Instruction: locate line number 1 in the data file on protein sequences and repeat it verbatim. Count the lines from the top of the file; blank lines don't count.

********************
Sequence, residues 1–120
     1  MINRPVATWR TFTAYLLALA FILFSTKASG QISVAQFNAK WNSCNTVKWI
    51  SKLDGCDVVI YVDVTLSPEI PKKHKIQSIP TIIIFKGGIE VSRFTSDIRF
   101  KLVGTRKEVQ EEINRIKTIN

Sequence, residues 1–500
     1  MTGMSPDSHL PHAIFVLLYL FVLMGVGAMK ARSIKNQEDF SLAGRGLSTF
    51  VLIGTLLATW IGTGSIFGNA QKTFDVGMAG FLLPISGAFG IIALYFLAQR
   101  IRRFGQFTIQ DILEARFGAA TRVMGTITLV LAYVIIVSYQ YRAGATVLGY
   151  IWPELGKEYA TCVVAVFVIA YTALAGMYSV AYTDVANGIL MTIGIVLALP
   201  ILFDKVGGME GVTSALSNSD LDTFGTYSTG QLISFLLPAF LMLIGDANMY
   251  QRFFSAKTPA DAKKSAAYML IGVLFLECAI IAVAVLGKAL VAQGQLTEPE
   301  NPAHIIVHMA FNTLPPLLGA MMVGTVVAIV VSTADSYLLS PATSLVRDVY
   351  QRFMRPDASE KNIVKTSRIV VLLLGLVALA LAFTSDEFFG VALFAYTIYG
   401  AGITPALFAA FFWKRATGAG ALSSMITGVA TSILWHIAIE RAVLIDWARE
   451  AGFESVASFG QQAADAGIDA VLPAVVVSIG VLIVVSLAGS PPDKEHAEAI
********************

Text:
Sequence, residues 1–120